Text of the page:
Why Stocks Go Up and Down
As investors, we never like seeing the value of stocks decrease. We would never choose to ever see stocks go down, only up, if we could have it our way. Of course, that isn’t the way of the world, and this article will cover more on why stocks go up and down. Stocks may have increased as a whole in the long term, but when you zoom in, there are going to be ebbs and flows.
While this can be frustrating, especially if you pay close attention, it’s the risk we must be willing to tolerate as investors. In general, there can be no reward without any risk.
But this doesn’t explain why there are risks or what specific forces cause stocks to move up and down. In our economy, there are certain market forces that consistently cause stocks to ebb and flow. However, the exact way in which these forces will work in future cycles is incredibly difficult to predict. This is why speculative investing is such a challenge.
There are also less predictable, less cyclical forces that can cause a drop in stock prices. It’s important to understand the combination of these factors and how it paints a complex and nuanced picture of the market.
There are a number of forces that can cause stocks to go up and down. We’ll cover some of the highlights here.
Why Stocks Go Up And Down: Supply And Demand
Supply and demand is one of the most basic principles of economics, and stocks are not exempt from it. When the demand for a stock exceeds supply, the price rises and when supply exceeds demand, the price falls.
We were able to see this play out in almost real-time with GameStop and other meme stocks. Followers of r/WallStreetBets wanted to upset hedge fund managers who make money shorting stocks. Thus, they bought up shares of GameStop and other stocks en masse, causing the price of those stocks to rise rapidly.
GameStop stock went from around $5 in late 2020 to a peak of over $300 in early 2021. Since then, the buying frenzy has slowed, and GameStop shares are down to around $100.
Fundamentals are one of the things that analysts, in particular, follow closely. Earnings per share (EPS) and price-to-earnings (P/E) ratio are two of the fundamentals that are most commonly seen as indicative of a company’s financial strength.
A high EPS is good because it means a company is profitable, so it has more profits to distribute to shareholders. One way it may do this is with dividends. A high P/E ratio, on the other hand, is not considered good, because it means the price you pay is high relative to the company’s earnings.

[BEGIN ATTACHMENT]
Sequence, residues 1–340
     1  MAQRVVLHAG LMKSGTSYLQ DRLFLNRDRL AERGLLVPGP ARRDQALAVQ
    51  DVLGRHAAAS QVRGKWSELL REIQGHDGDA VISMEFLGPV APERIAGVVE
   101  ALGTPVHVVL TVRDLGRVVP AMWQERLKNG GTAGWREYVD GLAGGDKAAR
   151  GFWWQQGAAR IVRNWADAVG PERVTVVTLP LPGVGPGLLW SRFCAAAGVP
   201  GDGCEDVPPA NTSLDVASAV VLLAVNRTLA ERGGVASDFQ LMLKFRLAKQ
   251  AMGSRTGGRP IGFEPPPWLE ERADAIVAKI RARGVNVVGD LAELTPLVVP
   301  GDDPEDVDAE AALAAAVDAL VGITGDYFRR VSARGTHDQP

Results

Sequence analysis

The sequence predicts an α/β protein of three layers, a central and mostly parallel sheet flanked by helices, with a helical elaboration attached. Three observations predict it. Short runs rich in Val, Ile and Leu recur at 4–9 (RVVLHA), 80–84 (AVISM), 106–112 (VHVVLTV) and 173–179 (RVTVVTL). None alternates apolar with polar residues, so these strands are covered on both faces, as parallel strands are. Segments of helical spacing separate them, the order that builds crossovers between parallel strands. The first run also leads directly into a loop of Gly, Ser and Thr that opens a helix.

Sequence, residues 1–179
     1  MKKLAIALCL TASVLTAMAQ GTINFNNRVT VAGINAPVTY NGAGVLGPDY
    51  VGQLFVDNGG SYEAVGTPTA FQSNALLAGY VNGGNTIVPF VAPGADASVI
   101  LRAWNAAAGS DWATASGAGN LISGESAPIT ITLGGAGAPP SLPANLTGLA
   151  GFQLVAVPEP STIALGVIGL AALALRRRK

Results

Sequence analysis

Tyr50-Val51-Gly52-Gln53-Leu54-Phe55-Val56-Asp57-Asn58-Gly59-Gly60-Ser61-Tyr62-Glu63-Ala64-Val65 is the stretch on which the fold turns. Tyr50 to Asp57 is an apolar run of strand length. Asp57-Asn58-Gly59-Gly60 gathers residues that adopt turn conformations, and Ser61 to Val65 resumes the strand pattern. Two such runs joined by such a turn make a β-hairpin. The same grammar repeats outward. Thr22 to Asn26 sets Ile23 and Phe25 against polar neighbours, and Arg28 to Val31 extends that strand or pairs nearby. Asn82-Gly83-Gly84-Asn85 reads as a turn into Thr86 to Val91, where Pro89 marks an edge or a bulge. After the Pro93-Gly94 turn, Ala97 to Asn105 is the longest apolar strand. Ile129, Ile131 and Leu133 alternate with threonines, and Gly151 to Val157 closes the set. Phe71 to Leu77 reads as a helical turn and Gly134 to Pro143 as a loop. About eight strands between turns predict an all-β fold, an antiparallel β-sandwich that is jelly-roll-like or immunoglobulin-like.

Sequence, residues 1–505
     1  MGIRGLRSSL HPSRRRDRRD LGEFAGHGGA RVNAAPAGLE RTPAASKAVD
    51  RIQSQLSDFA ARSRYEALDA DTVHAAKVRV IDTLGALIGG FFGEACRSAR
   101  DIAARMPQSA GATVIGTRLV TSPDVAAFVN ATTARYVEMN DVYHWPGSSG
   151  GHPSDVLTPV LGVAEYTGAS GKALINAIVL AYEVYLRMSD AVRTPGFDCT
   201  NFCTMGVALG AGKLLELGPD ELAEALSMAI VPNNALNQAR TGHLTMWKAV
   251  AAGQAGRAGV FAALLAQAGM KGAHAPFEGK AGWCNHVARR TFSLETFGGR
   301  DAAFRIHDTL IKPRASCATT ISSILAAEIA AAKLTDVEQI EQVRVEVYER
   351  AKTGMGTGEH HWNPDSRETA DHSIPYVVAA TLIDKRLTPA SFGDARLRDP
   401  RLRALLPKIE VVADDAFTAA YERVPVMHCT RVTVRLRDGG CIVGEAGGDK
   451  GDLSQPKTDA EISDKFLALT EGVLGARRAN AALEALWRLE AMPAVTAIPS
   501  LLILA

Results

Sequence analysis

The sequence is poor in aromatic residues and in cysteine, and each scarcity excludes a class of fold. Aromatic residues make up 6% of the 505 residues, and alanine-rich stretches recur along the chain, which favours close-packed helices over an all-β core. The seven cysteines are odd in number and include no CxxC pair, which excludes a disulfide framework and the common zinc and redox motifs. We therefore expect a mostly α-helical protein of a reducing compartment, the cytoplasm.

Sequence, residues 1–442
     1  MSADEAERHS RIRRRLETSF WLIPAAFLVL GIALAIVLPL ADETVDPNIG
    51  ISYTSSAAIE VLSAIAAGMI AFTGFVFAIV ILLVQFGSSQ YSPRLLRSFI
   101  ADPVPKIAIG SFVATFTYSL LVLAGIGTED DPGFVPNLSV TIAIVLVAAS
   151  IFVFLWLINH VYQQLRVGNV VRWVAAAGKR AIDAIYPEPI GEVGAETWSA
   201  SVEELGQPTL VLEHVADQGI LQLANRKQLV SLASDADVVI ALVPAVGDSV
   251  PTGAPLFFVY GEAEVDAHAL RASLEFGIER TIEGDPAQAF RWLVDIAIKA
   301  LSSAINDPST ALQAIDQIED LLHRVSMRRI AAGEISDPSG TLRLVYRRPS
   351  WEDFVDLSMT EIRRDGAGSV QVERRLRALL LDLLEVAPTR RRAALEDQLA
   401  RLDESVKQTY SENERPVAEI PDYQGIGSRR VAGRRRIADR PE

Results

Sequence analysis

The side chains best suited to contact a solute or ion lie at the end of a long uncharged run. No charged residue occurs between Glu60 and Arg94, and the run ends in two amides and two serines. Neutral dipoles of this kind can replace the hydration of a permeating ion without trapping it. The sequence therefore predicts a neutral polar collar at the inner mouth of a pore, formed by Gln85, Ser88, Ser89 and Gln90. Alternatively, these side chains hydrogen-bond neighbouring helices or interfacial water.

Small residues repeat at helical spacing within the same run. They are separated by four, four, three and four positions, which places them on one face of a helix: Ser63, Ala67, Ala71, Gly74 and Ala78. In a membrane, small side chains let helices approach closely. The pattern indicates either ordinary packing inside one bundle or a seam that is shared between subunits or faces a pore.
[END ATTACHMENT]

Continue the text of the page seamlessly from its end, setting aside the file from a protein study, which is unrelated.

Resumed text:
However, the sector matters when considering a stock’s fundamentals. For example, if you are looking at electric vehicles or some other startup-heavy sector, you may see a low EPS or a high P/E ratio. But in such sectors, that may be the norm, so we have to view these numbers in the context of the company’s sector.
If you have a company with unfavorable numbers compared to its competitors, it may be a red flag for investors, causing the stock price to drop. Of course, the inverse is also true.
The stock market has a cyclical nature to it, and that can have some bearing on how stock prices move. Certain stocks are considered cyclical, which means they will be sensitive to the boom-bust economy. Examples of cyclical stocks are retail, housing and automotive.
One way to think about this idea is in the context of bear markets and bull markets. One of the worst bear markets in recent history was seen with the Great Recession. That caused a huge drop in real estate stocks. For example, Vanguard’s VNQ real estate ETF plummeted from around $81 in 2007 to under $25 in 2009.
However, after the Great Recession was the longest bull market in history. VNQ topped $115 in 2021, higher than its pre-recession level. This is not unusual of cyclical stocks where a stock can plummet in a bear market, only to soar higher during the next bull market.
Investor sentiment matters, not only for individual stocks but sometimes for entire sectors or even entire industries. Again, this can go both ways. Perhaps investors get excited about an emerging industry and invest in droves, even if the fundamentals would suggest that investing may not be the best idea.
Or perhaps a news story comes out that paints a company in a negative light. Even if the company’s fundamentals are good, investors may be driven to sell their shares, causing the price to drop. For better or for worse, investors tend to be quite sensitive to the constant news cycles.
How Government Policy Affects Why Stocks Go Up And Down
Changing administrations can cause significant changes in our lives, and our stock portfolios. There are many actions a government can take that may impact the stock market, including incentives for companies, tariffs and regulations. For example, imagine a government saying it would ban the sale of gasoline-powered cars by 2050. As you can imagine, that kind of policy would send oil company stocks into the dustbin.
On the other hand, the government can bolster or even save entire industries. It has done so with bailouts; TARP in 2008, and the airline bailout in 2020 are just a couple of examples. These bailouts have saved companies from complete disaster and by extension, their stocks, too.